I’m sure it must really irritate you and others in management how the market is showing so little respect for your excellent business. At its current price, the market is either saying your business is terrible and about to go off a cliff and/or management is terrible and is going to destroy value. I don’t think either is true – as I’m sure you’d agree – so the best way to get back at the investors who are disrespecting you is to buy as much stock as you possibly can – and then watch it skyrocket when you continue to execute and report good earnings, which will be juiced with a much lower share count. As I mentioned in the meeting, if you continue to buy back stock like you did last quarter and the stock doesn’t move, you can buy back 25% of your outstanding shares in the next two years, which will boost earnings per share by 33% or 15.3% annually, even if your net income is flat. That’s HUGE!
Rather than being irritated, you should be gleefully rubbing your hands together at the opportunity to buy back a ton of your stock at such a MASSIVE discount to its intrinsic value. Don’t hesitate – this opportunity might prove to be fleeting, and share repurchases at a 25% discount to intrinsic value aren’t nearly as accretive.
As background reading, I’ve attached:
1) Warren Buffett on share repurchases from his 1999 annual letter:
2) My comments on Buffett’s recent share repurchase announcement:
3) A presentation Leon Cooperman gave in 2007 on share repurchases, focusing on how Henry Singleton of Teledyne created ENORMOUS shareholder value over a long period of time by using his stock as an acquisition currency when it was richly valued during the 1960s bubble, and then bought back huge amounts of his stock when it was cheap during the gloom-and-doom 1970s:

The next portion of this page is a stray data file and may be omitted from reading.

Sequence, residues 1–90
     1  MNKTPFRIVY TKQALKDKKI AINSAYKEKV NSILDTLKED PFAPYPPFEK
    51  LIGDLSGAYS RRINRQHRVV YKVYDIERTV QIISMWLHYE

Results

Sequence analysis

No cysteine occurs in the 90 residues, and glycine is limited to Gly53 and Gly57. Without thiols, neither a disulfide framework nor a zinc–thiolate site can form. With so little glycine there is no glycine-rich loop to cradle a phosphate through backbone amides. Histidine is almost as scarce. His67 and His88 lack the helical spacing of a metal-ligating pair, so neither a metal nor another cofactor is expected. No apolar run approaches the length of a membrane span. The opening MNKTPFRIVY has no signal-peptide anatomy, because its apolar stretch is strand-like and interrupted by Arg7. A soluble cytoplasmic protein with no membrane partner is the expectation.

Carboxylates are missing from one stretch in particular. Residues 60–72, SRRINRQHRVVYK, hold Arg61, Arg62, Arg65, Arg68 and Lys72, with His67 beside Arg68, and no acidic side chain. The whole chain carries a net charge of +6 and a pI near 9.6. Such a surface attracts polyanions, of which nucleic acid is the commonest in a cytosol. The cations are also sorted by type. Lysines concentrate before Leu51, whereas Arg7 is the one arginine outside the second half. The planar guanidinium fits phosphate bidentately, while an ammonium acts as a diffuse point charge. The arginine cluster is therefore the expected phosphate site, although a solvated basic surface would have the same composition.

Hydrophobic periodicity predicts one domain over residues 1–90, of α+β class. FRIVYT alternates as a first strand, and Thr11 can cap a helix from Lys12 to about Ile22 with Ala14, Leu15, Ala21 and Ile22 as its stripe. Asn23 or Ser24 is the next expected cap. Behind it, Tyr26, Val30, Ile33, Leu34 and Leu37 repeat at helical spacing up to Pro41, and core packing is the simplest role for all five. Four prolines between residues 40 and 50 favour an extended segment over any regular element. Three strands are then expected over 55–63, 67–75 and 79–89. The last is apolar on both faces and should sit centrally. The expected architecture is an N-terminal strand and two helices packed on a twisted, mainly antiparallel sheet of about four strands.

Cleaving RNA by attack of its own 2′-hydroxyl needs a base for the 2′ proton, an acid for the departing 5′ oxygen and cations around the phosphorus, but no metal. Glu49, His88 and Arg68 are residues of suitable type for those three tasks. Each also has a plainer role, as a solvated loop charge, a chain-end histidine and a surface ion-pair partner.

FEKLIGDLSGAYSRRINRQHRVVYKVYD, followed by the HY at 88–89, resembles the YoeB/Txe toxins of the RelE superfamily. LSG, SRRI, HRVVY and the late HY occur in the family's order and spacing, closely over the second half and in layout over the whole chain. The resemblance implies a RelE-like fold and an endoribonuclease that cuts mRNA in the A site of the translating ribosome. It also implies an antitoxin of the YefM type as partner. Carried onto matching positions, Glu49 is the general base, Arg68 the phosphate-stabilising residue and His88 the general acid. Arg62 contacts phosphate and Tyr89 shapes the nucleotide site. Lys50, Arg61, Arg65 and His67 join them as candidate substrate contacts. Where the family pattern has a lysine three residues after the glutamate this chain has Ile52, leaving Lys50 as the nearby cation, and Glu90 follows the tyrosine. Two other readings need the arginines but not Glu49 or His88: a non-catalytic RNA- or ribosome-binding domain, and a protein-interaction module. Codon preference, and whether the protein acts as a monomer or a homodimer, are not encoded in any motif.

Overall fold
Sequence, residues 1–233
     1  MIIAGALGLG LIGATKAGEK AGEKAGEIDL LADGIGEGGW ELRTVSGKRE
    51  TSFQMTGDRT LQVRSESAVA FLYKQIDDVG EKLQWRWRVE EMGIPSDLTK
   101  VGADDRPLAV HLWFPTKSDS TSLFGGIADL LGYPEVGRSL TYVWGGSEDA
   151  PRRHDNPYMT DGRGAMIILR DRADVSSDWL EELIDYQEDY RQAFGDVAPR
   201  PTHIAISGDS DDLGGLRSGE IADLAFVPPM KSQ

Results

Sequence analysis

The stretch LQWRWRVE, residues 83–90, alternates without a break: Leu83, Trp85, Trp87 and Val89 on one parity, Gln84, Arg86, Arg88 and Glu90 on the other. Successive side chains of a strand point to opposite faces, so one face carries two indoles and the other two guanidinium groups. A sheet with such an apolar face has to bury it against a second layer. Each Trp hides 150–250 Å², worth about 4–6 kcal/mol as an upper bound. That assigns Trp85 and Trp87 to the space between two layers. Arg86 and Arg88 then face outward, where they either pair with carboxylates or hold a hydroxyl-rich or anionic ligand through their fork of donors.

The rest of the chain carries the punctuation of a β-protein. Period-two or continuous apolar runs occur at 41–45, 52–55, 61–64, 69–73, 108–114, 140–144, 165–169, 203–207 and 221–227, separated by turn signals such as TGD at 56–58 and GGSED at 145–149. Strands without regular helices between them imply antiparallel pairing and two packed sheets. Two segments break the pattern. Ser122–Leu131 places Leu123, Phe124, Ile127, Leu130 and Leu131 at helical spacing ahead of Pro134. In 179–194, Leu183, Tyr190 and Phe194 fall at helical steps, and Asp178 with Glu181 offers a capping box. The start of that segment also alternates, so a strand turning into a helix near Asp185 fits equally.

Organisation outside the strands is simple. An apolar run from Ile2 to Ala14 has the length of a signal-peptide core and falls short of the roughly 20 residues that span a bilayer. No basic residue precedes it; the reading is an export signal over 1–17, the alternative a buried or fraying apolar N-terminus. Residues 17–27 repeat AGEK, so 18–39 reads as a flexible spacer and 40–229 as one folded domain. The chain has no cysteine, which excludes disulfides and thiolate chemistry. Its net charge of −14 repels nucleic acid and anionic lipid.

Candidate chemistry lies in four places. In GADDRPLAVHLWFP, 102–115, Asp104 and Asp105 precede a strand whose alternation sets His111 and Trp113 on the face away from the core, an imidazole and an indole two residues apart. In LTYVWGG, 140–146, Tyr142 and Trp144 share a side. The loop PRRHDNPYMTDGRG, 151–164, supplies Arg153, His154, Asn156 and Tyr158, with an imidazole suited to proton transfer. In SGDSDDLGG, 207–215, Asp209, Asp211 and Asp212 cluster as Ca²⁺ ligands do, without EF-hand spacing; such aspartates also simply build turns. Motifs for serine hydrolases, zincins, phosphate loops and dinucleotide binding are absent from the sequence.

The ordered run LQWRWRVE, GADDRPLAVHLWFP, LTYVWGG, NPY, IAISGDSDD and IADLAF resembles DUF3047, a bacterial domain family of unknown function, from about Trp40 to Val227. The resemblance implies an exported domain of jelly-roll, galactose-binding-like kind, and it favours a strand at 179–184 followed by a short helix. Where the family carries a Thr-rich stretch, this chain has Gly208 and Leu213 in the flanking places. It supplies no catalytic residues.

By the way, the single best example is in Leon Cooperman’s slide presentation I attached to my last email: Teledyne under Henry Singleton.
2) I followed up with this email:
I trust you saw this article in yesterday’s WSJ. It correctly highlights the fact that most companies do share buybacks all wrong, buying when their stock is high/overvalued and not buying when it’s low/undervalued, thereby destroying massive value.
However, the article also provides a wonderful case study you can use to rebut guys like the one in the meeting last week who challenged you to name a single example where share repurchases worked:
The case of International Business Machines Corp. shows how buybacks can be a boon to both a company and its investors. Since the end of 2006, according to regulatory filings, IBM has repurchased $60.3 billion of shares that would be worth more than $91 billion today. More than 60% of those 504 million shares remain off the company’s books; that means they haven’t been replaced, for example, by shares issued as part of executive pay packages.
Partly as a result, IBM’s shares outstanding have declined by a fifth over that period and its stock price has nearly doubled. While it has increased its per-share dividend by 150%, its overall dividend costs have increased just 100%.
“Over the last decade, we invested about $70 billion in capital expenditures and acquisitions (116 companies) and nearly $60 billion in research and development